Thursday, August 13, 2009

ILMerge (Merging .net assemblies)

In this article, we will be using ILMerge programming interface to merge assemblies.

The first question which comes to our mind is if we have classes with the same name in two assemblies then what would be the behavior of this utility? To answer this question we ask you a question: What do you generally want in such a scenario? You would definitely want to be notified all such cases so that you can make decision on your own as a developer. This is generally the case and this is also the default setting of ILMerge. ILMerge also allows you to explicitly specify the names of classes which you want to allow having duplicates. All other classes will not be allowed to have duplicates.

But sometimes you want to handle these types of cases differently. You want to rename the conflicting names in order to merge the assemblies successfully. This may be true when you want to merge third party assemblies. In this case, you have no access to the source code.

Command line option: [/allowDup[:typeName]]*

If we want to access ILMerge through our code then AllowDuplicateType(string TypeName) is provided for this purpose. Here TypeName is the type we want to handle if a duplicate is found. If we want to rename all duplicates found then pass null as argument.

Now the biggest question in the world is How we can access a particular definition of a class if there are two classes with same names but with different definition?

Classification of Assemblies:
The assemblies, being merged, can be classified into two types.
1. Primary Assembly: The first of the assemblies being merged.
2. Other Assembly: All assembly other than Primary assembly.

Can obfuscated assemblies be merged?
No! Obfuscated assemblies can not be merged.

We can also sign the target assemblies with a key file. All we have to do is to provide the key file. This also supports delay signing.

What if I need to merge the duplicate definitions into a single type? Can I do that?
Sure! There is a switch provided for this requirement in ILMerge. It is "UnionMerge". This can be used if duplicates are not allowed already using allowDup switch. This options is turned off by default. It would copy the members from all the source assemblies and would result in a new definition in target assembly. Now the question is what if they have same methods with same signatures. We all know that we are not allowed to overload methods with same signatures. Would it generates some errors?

We all know that assemblies can be created as application executables (*.exe) or Dynamic Link Library (DLL). We can specify how we want to create target assembly. I mean whether we want it to be created as Win / Console executable or a dll. By default, the type of target assembly matches with that of Primary assembly. "TargetKind" switch is provided to define the type of the target assembly.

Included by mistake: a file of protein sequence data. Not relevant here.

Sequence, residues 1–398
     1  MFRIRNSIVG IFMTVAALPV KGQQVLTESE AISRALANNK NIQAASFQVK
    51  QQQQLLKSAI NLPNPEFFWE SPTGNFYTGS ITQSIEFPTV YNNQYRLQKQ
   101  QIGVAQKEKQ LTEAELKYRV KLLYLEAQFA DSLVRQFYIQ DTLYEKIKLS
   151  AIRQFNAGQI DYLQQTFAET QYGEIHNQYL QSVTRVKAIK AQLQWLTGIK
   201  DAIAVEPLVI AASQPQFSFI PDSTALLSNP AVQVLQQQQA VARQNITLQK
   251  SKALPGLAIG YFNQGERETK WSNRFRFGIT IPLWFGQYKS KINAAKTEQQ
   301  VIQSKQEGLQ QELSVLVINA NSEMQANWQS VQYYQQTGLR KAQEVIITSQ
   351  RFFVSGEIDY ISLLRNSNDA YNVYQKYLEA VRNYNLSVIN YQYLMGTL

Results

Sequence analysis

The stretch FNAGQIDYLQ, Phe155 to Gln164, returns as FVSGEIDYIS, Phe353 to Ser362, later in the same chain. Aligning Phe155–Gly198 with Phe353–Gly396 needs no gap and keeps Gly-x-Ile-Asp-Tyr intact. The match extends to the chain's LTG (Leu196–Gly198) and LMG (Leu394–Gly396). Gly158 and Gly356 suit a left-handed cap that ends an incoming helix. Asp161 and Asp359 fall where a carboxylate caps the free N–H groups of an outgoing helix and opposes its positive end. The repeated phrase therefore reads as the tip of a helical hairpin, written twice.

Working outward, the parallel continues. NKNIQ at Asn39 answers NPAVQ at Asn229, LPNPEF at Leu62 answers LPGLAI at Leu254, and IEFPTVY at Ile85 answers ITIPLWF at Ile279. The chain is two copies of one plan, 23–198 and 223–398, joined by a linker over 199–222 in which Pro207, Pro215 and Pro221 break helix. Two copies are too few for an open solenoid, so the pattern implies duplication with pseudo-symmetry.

We might have our assemblies in frameworks other than the desired framework of our target assembly. Cuurrently, only 1.0, 1.1 and 2.0 frameworks are supported for the target assembly. To specify a particular framework, we also need to specify the directory in which mscorlib.dll resides for the particular framework. Yes you are right! We can not create target assemblies conforming to 3.0 / 3.5 frameworks.

ILMerge also allows to modify the accessibility (setting as Private) of object types in assemblies other than Primary assembly. During this, it allows to specify the list of exclusions in the form of a file. In this file exclusions are specified in the form of regular expression.

PEVERIFY is part of .net SDK tool. This can be used to verify that the output of ILMerge will be loaded in a .net runtime successfully.

Saturday, August 8, 2009

XPATH Injection

Getting user input and using it directly for some verification is always dangerous. When developers discuss about injection attacks, they generally talk about SQL Injection.

These injection attacks can be targeted to any query language. One of them is XPATH. XPATH expressions are used to query XML documents. They provide easy way to access the desired contents avoiding loops and programming language specific constructs.

These kind of attacks can be minimized if direct use of user input to formulate a query is avoided. This is because the attacker might inject the malicious information which allow him to pass the authentication.

Let's see how an attacker uses this.

We assume a typical Login form which has two text boxes. txtUserName and txtPassword and a btnLogin button. The user is supposed to provide his credentials and hit Login button for verification.

The user data is maintained in the form of XML.


Now the XPATH expression constructed for user verification is as follows:

string query = "/Users/User[UserName='" + txtUserName.Text + "' and Password='" + txtPassword.Text + "']"

Now a user can easily pass through the security check if he enters in either of the text boxes data like this:

txtUserName: ' or 1=1 or ''='
txtPassword: ' or 1=1 or ''='

We assume he enters this in the txtUserName and txtPassword is provided with any text e.g: 'shujaat'.

Now the variable query would be assigned with the following string query:
"/Users/User[UserName=' ' or 1=1 or ''='' and Password='shujaat']".

Since this expression would satisfy all nodes in the document. The SelectNodes() method on XMLDocument object would give the list of nodes with all the nodes in the document (

The attacker is finally in the system freely! :)

So be careful when you construct XPATH expressions from user data, otherwise...